Artist Interview - Lottie Reay

Artist interview between Shannon Skye Robinson and Lois Emma Harkin (Curating Futures Project Coordinator), and Lottie Reay (Curating Futures Artist).

* Warning, mature content- nudity *

Date of Interview: 20th of December 2021

Participants: Shannon Skye Robinson (SSR) and Lois Emma Harkin (LEH) and Lottie Reay (LR)

SSR/LEH: What is your background?

LR: I studied BA (hons) Embroidery at Manchester Metropolitan University (graduating in 2006) where I specialised in knit and sculpture. I then trained to be a secondary school teacher and taught in a fantastic school in Surrey for 13 years until I did my MA Fine Art at City & Guilds London School of Art this past year. The MA was incredible and has reinvigorated my practice. I’m now beginning to balance teaching

and producing work.


SSR/LEH: How did you get into art/ creativity?

LR. I had amazing art and textile teachers at school that were a huge inspiration. They taught me to understand the potential of materials and to take risks.

Artwork produced by Lottie Reay


SSR/LEH: What do you get out of producing work?

LR: My work has certainly become a crucial tool for healing, self-acceptance and a site for play and humour. It has helped me process grief, loss, love… all the big stuff!

Artwork produced by Lottie Reay


SSR/LEH: How do you want your work to be perceived by an audience?

LR: I use the banal and commonplace, materials such as glass, Blancmange, shower curtains, Monster Munch, lubricant and verruca socks. I want to play with the audience’s expectations, objects aren’t always what they seem. The familiar and bizarre play hide and seek within flaccid frameworks; a pom pom dipped in hair gel hangs from a floppy balloon grid, close by, a tangle of Silly String hints to a party, yet unbeknown to many Silly String is used in the

military to detect trip wires. There is a seriousness and silliness, a sense of celebration and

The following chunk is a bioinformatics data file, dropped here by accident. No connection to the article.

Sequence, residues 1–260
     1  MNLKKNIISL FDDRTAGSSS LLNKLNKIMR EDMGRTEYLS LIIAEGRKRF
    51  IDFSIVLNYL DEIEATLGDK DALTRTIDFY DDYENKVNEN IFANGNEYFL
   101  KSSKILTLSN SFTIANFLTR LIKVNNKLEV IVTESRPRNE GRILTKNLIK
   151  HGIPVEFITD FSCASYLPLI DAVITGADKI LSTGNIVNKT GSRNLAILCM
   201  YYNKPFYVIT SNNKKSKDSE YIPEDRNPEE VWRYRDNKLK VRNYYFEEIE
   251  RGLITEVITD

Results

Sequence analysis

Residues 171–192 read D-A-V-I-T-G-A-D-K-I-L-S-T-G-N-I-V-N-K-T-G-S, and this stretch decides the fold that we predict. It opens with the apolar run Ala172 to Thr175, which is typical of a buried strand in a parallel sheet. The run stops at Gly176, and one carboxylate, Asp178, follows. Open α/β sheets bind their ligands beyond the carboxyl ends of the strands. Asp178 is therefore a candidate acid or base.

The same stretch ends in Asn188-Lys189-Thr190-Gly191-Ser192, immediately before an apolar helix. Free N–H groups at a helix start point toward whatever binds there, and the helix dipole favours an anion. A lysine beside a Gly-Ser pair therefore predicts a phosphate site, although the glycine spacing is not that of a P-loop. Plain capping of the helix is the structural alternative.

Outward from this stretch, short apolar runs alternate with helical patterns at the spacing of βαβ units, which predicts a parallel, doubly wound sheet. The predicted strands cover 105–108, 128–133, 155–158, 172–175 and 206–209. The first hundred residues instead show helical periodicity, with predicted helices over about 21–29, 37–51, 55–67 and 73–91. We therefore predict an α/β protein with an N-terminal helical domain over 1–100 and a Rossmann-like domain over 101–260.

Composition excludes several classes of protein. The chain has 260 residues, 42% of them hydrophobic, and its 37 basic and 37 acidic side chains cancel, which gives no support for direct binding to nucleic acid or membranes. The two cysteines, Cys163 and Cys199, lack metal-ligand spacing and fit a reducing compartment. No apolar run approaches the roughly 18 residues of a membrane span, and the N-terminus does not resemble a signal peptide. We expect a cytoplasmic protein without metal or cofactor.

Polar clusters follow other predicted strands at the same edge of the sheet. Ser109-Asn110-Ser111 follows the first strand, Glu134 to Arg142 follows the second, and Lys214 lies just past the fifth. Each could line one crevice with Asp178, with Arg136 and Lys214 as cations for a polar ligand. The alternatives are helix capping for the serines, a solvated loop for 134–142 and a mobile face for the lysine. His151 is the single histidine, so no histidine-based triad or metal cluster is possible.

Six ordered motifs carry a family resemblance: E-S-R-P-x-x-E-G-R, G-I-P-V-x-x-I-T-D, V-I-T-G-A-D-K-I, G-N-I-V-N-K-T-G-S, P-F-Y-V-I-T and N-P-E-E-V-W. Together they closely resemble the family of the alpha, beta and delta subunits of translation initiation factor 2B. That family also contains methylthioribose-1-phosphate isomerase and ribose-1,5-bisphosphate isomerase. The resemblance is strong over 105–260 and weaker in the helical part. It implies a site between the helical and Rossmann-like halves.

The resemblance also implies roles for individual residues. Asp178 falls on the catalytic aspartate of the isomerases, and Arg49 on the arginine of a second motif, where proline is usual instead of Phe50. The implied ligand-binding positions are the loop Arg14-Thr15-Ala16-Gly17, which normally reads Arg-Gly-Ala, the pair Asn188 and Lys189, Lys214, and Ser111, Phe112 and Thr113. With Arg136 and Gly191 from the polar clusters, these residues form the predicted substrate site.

Artwork produced by Lottie Reay


SSR/LEH: Who are your biggest inspirations?

LR: Prem Sahib and Felix Gonzalez-Torres explore queerness with such economy and clarity, Jes Fan for their intriguing mix of materials and use of glass and Helen Marten for her incredible installations and ability to manipulate language. Marten expertly deconstructs material and object hierarchies by arranging seemingly disconnected objects together. Things are not always as they seem, she keeps you guessing and never gives you the answer. I could spend days looking at her work.

Artwork produced by Lottie Reay


SSR/LEH: What are the main concepts or themes you explore within your work?

LR: I am interested in the volatile and mischievous nature of materiality and language. I disrupt, switch and manipulate objects and materials to raise questions about the unstable and often intangible nature of identity, desire and sexuality. Repurposed found ephemera is placed alongside made objects to pose questions about how and why we assign meaning and value to the plethora of stuff that surrounds us. I am interested in the capacity materials have to quickly generate associations of people, places, sounds, smells, and time. By examining materiality and the domestic through a queer lens I raise questions about acceptance and the inherent power structures within heteronormativity.


SSR/LEH: What is the main thing you have learnt through your creative practice?

LR: To trust my instincts and to be receptive to the unexpected. My studio is full of stuff, little experiments, nick nacks that I’ve found. I love it when you arrive at your desk and you feel like the objects and materials are already having a conversation and you just need to join in.

Artwork produced by Lottie Reay


SSR/LEH: Who is your work for? Yourself? A small community? A specific sector of society? Or is it for everyone?

LR: Gosh what a question, at times I feel it is just for me and other times everyone. Materiality underpins all that I do, and everyone has an understanding of that to some degree. It is important to investigate texture, surface, smell, taste, the whole sensory experience, especially when we spend much of our lives tied to technology.

SSR/LEH: What is the best piece of advice you could give to another artist, or someone just starting out in the creative sector?

LR: When stuck just make, even if it is small and silly it will open up something.

SSR/LEH: Why did you decide to join the Curating Futures community?

LR: It’s great to be part of a community, especially as creating work can be a lonely place. To be able to share ideas and ask for help when you need it is so important.


You can find Lottie Reay via her Instagram